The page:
Response to ‘Giorgio Griffa’ (Gallery 1) & Corita’ (Gallery 2), The Douglas Hyde Gallery, Dublin, Ireland, May 2014.
By Sam Tranum
Gray, cavernous, severe, minimalist. The Douglas Hyde Gallery is far from welcoming. A young man sitting at a desk near the front entrance neither looked up nor spoke to welcome the visitors who entered this cave on a recent afternoon. Descending the stairs into the bowels of the brutal, bare concrete building, the visitors found the gallery dim, with almost no natural light.
The floor is cold and bare and expansive and the ceiling — seemingly miles away — hosts exposed ductwork. A young woman reading a book guards the gallery, sternly warning the nattering, picture-snapping visitors that photographs are not allowed, embarrassing them into an uneasy silence as they view the prints and paintings on offer.
The current show (May 30 to July 30) features paintings by Giorgio Griffa (b.1936 in Torino, Italy) and prints by Corita (b.1918 in Fort Dodge, Iowa, USA). Admission is free. There are accessibly written bits of text on the walls explaining who these two artists were, and a little about their work.
Corita, for example, was also known as Sister Mary Corita Kent. She spent 30 years in a Hollywood convent before leaving to devote her life to making art. What seemed to be dozens of her brightly colored prints are crowded into the Douglas Hyde’s little Gallery 2, along with a television playing a video about her life and work, and three chairs.
The joyfulness of the prints is a pleasant contrast to the dreary seriousness of the setting. But there are so many of them crowded into the little gallery that they melded into a nearly undifferentiated crowd of happily chattering primary colors and inspirational slogans, making it difficult to focus on just one: “Guard me oh Lord,” “Jesus never fails,” “Hope is the memory of the future,” “Give a damn.”
The work is cheery and uplifting in a kitschy way, but it does not impress. The posters feel like they should be hanging on the wall of a waiting room belonging to a dentist who went to a Corita exhibit at a museum or gallery while visiting a dental convention in California and visited the gift shop on the way out. One even helpfully offers clues to when and where the convention was, with text across the bottom reading: “Confronting Cancer Through Art 1987, Brand Library Art Gallery, California, May 9 – June 2, 1987.”
Emerging back into the oversized-elevator-shaft-like Gallery 1, trying to be quiet so as not to provoke the young invigilator (or interrupt her reading), one of the visitors — now taking notes, camera hidden away — is dismayed to find her trying to catch his attention. “Am I not allowed to take notes, either?” he asks, peevishly. She ignores the question, saying brightly: “The prints and posters will be distributed in a free raffle at the end of the exhibition,”.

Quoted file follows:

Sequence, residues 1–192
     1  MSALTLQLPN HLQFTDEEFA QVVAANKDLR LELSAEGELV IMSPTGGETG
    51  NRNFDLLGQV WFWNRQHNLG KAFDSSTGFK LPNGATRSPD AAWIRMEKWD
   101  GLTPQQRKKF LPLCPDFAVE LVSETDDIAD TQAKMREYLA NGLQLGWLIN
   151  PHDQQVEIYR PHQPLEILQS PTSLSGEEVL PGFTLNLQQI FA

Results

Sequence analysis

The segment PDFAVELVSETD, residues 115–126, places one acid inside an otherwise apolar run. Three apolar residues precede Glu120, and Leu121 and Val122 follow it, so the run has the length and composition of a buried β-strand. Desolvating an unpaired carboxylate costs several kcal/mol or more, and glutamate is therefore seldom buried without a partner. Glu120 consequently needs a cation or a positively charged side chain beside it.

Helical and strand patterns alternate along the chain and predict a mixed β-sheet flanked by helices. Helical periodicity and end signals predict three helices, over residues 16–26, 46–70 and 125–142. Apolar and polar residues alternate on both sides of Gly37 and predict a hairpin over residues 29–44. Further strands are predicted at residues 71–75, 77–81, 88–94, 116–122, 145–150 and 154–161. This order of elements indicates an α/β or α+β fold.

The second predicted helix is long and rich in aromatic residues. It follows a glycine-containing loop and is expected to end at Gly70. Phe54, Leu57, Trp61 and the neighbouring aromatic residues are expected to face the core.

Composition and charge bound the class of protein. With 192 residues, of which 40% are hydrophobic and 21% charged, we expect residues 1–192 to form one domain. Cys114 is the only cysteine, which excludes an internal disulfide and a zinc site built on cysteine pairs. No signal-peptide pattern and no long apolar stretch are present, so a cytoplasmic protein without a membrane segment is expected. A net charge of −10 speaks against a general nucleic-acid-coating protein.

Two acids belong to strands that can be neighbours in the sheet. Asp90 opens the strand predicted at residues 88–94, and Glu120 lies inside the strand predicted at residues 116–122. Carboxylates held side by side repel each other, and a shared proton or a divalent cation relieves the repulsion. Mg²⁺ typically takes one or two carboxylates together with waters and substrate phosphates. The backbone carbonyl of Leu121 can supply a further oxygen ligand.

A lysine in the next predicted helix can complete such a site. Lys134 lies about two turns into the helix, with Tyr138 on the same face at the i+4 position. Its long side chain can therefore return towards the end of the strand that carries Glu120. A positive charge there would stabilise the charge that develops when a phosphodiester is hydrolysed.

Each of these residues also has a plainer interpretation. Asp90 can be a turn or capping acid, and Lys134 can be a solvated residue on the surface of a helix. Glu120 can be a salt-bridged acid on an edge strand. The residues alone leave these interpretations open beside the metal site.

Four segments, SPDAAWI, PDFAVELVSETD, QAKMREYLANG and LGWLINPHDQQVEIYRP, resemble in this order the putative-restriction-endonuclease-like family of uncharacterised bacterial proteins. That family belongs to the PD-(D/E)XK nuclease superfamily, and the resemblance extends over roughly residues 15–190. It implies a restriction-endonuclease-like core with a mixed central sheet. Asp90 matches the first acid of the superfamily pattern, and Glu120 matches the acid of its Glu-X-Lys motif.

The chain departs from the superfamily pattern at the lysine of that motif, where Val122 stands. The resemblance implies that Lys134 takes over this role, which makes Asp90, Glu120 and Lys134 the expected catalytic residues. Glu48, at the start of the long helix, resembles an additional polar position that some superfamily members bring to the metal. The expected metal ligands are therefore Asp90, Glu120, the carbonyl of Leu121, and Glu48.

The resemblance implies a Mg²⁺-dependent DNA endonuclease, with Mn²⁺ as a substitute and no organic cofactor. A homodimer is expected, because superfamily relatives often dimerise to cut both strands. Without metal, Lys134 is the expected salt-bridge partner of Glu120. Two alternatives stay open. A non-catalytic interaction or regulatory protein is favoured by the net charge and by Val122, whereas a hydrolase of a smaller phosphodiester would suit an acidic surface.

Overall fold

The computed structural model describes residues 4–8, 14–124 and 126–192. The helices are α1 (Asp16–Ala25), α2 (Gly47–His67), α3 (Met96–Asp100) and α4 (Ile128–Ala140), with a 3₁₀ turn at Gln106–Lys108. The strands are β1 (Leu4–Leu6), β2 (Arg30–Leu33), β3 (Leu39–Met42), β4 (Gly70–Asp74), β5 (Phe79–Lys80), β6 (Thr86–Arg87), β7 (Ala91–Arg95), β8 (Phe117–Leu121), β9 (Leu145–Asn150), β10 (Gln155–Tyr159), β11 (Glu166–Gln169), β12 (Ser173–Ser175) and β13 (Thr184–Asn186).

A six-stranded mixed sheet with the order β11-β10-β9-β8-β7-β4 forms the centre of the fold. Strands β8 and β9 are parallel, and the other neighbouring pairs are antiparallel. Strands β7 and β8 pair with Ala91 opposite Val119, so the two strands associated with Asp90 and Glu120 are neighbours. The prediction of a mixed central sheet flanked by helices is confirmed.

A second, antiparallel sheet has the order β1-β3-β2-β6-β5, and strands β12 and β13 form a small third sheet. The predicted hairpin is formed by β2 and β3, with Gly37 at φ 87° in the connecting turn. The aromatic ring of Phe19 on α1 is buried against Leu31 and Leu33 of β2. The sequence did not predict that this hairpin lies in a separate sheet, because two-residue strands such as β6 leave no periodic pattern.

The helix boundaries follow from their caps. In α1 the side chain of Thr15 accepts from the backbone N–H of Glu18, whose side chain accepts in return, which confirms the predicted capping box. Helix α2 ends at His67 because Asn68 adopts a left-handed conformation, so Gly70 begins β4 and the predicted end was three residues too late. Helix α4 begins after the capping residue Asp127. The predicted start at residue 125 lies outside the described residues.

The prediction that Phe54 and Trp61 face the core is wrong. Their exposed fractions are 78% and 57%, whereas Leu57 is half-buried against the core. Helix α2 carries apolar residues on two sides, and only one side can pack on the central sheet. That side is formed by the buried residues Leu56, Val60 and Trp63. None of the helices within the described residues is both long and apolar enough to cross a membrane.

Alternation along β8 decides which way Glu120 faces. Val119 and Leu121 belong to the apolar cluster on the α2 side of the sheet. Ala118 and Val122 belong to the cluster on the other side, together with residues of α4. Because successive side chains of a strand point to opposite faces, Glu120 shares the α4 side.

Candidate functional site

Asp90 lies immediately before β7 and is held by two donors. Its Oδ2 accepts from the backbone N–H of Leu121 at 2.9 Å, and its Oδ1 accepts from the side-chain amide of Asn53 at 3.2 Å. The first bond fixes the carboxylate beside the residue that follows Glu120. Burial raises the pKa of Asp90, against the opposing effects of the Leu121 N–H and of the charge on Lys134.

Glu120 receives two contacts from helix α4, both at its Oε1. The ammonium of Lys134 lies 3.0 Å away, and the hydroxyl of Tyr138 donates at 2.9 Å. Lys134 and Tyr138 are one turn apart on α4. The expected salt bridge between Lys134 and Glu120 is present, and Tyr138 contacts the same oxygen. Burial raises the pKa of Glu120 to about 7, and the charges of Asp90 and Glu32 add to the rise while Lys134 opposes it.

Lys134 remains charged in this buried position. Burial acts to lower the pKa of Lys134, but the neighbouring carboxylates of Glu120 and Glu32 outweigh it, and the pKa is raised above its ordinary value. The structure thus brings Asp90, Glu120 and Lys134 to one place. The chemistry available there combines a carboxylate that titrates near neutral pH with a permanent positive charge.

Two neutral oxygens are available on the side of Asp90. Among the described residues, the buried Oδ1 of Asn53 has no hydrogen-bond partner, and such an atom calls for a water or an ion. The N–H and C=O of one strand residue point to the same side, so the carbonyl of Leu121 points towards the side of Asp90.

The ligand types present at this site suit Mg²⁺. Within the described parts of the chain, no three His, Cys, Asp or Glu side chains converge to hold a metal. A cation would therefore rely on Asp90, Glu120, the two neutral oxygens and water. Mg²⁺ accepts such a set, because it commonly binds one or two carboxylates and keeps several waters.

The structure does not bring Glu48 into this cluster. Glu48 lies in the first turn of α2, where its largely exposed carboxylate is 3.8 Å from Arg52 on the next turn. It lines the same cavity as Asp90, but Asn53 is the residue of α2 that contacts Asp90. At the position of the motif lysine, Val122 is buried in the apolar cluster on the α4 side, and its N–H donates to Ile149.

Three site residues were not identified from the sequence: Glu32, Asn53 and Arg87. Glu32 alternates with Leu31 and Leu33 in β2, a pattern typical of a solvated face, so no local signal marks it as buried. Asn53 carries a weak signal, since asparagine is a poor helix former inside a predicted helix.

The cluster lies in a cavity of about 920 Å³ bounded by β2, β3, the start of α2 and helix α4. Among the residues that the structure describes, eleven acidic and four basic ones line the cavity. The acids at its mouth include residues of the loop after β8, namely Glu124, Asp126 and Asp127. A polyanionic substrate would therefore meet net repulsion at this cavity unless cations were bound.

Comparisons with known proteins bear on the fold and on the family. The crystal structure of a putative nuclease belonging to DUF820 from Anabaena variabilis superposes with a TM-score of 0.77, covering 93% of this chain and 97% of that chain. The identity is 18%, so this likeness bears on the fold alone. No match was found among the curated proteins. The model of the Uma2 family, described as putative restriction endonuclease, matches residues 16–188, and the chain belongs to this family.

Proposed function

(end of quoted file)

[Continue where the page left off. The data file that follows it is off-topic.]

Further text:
Gallery 1 hosts the paintings by Giorgio Griffa. His work, according to the gallery, “is directly linked to the Arte Povera movement in 1960s Italy, which employed everyday or humble materials to make objects that were richly evocative in meaning.”
Griffa’s paintings do not seem to belong in Gallery 1. While the gallery is heavy and industrial, the paintings are on what appears to be un-primed, un-stretched, un-framed canvas or linen — on tablecloth-sized rectangles of off-white cloth, in other words. They look like they are waiting to flutter in the wind, if the Douglas Hyde Gallery would allow such frivolity.
The cloths have been folded as if they have been stored in a linen closet or drawer and then unfolded and hung on the wall. The creases are still visible. This makes the visitor think the artist didn’t take himself too seriously, that these paintings are just things he dashed off on tablecloths for a laugh during a dinner party at a villa in Tuscany, with guests all sitting watching, some teasing him, some encouraging him. It seems he just brushed the breadcrumbs off of them after dinner and folded them away until months later when one of the guests, who happened to own a gallery in a city not too far away, remembered them and asked him for permission to hang them.
He apparently didn’t have time to paint much on these tablecloths: a few pastel-colored lines stacked on top of each other, some hesitant dotted lines stuttering their ways toward a frayed edge, a set of identical translucent splotches repeating, repeating, repeating. Each work looks light and gentle and sun-bleached and casual. Each also appears unfinished: if there is a set of six stacked lines stretching across the cloth, for example, one below the other, each a different color, perhaps the last one will extend only half-way across the cloth.
This irritated the visitor slightly, making him want to get a paint brush and finish the lines, complete the patterns. But this is clearly less about the art than about the viewer. An online quiz entitled “What Mental Disorder Do You Kind of Have?” recently showed the viewer a series of images of patterns with one element out of place — four piles of M&Ms, all neatly separated by color except for one stray green one in with the oranges — and asked if there was anything about the images that bothered him. There was.
Please excuse the dearth of photographs in this post. After the first one, taken openly in Gallery 2 with disastrous consequences (a scolding), it took a while to find a position behind a wall, hidden from the view of the invigilator, to take a hurried shot of Gallery 1.
‘Giorgio Griffa’ (Gallery 1) & Corita’ (Gallery 2), The Douglas Hyde Gallery, Dublin, Ireland, May 2014.
Photographs (not) taken by Sam Tranum